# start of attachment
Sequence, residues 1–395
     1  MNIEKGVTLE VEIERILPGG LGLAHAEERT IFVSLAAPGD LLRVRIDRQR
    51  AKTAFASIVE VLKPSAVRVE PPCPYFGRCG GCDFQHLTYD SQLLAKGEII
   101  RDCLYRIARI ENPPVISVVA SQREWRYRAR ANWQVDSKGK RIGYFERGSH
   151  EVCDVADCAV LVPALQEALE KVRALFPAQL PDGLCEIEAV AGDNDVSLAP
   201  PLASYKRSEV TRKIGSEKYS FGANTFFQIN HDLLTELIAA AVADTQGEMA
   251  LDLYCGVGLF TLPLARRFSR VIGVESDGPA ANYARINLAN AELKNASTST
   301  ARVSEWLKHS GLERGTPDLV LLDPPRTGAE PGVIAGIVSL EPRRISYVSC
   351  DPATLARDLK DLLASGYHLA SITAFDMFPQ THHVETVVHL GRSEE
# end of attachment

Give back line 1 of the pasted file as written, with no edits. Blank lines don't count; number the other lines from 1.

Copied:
Sequence, residues 1–395